This article first appeared in Countryside La Vie magazine.

Over the land freckled with snow half-thawedRook illustration
The speculating rooks at their nests cawed
And saw from elm-tops, delicate as flowers of grass,
What we below could not see, Winter pass.

In his single verse poem Thaw, Edward Thomas makes two accurate observations about the Rook: its habit of breeding early in the year, and, at the time he was writing in the early twentieth century, its preference for nesting in elms. Mature elms are sadly long gone from the Leicestershire and Rutland landscape, victims of Dutch Elm Disease in the 1970s, but the Rooks are still here. And in contrast to many farmland birds, they are at least maintaining and possibly even increasing their numbers.

Nesting colonially in conspicuous rookeries, the Rook is a straightforward species to count in the breeding season. The last full survey by the Leicestershire and Rutland Ornithological Society found 12,261 pairs of Rooks nesting in 421 rookeries. This gives an average of around 30 nests per rookery, but the largest contained up to 200 nests. As Thomas observed, Rooks start nesting before most other birds, returning to refurbish their nests over the winter, and laying eggs as early as the end of February.

A rookery in early spring is a busy place, full of birds coming and going with sticks for their nests and all constantly calling with that familiar deep ‘craa’ which is so much a part of the British countryside. Easily dismissed as just another black bird looking very much like a crow, close up in sunshine a Rook is transformed. The ‘black’ feathers can be seen to be glossed with electric blues and purples, and the large pale grey bill surrounded by bare skin at the base is quite unlike that of its relation the Carrion Crow.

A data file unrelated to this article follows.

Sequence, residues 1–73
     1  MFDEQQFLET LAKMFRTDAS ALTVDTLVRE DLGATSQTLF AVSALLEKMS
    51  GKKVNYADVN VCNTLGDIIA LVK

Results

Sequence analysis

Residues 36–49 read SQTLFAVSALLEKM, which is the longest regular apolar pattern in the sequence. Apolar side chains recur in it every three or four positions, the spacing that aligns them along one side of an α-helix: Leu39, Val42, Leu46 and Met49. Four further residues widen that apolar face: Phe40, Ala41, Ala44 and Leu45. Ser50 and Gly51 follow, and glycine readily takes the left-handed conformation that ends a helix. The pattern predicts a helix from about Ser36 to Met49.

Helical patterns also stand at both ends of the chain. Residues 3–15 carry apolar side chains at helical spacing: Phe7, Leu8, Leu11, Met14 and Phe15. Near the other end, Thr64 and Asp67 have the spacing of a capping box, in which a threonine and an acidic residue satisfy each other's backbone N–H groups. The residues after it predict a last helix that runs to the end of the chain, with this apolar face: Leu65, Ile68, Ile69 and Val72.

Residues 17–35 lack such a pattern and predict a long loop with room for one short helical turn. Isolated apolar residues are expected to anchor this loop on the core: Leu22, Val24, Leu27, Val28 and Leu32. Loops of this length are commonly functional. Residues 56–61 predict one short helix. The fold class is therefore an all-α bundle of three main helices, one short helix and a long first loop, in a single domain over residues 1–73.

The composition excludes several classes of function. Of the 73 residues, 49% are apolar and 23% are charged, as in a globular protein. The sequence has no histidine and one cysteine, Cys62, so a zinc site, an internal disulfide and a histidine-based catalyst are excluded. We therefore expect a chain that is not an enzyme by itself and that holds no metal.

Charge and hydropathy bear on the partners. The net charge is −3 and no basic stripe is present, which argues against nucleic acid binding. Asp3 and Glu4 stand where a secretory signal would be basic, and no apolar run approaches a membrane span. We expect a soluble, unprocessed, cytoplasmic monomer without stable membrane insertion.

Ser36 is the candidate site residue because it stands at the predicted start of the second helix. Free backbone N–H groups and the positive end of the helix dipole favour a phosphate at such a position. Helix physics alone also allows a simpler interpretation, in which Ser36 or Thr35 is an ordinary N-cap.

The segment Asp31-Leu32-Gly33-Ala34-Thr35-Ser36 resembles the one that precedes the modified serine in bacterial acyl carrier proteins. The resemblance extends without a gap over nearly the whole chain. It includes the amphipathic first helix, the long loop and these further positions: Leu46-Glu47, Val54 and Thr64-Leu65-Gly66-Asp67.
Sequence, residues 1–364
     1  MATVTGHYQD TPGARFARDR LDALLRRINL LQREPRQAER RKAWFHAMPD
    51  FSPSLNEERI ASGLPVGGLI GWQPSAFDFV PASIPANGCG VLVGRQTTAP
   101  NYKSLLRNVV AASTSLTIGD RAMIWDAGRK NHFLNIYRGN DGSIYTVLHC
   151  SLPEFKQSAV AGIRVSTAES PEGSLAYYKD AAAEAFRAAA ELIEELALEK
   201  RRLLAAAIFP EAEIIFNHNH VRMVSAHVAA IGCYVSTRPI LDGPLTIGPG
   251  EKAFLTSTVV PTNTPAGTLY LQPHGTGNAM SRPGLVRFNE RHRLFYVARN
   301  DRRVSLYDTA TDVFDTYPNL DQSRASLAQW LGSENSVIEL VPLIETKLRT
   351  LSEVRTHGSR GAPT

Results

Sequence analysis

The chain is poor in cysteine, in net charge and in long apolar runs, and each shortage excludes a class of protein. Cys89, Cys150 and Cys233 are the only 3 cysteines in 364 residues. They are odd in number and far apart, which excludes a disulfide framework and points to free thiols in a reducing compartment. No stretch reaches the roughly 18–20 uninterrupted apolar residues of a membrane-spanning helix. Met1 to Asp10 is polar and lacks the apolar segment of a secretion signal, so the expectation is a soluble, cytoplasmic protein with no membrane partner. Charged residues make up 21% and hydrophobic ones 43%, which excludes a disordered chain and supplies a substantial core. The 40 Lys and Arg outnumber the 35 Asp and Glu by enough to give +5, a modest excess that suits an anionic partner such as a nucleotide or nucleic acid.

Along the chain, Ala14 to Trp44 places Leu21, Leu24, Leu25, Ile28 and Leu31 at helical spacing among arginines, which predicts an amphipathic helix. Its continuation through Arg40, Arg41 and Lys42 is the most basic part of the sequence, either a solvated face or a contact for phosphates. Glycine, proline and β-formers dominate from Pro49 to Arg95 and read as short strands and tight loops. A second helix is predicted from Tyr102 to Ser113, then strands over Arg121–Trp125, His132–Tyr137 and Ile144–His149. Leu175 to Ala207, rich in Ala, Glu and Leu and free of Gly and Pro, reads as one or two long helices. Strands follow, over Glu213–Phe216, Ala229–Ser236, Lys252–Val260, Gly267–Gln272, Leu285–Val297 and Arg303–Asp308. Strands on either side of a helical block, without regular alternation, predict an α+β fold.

Not surprisingly for such a familiar bird which nests close to human settlements, the Rook often features in folklore. The sudden desertion of a rookery was said to be bad luck for the landowner, and it was once believed that the birds can foretell rain. One of the most intriguing myths is the idea that Rooks hold ‘parliaments’, sitting in judgement of their peers and handing out harsh punishments for wrongdoers. However, this is most likely to be a misinterpretation of normal territorial behaviour, which will sometimes escalate into violence, even among colonially nesting birds such as the Rook.

The crow family, of which the Rook is a member, often gets a bad press. Some of this may be justified; it can be distressing to watch a pair of Magpies or crows taking all the young from the nest of a garden bird, but by comparison the Rook is fairly benign. Most of its diet consists of worms and various insect larvae, including pests such as wireworms and leatherjackets. At sowing time though, they can be less welcome on arable farms, as they eat newly sown cereals. As a result the Rook has long been regarded as a pest, and many are still shot, although even on farmers’ tables Rook pie is a less common dish than it once was!

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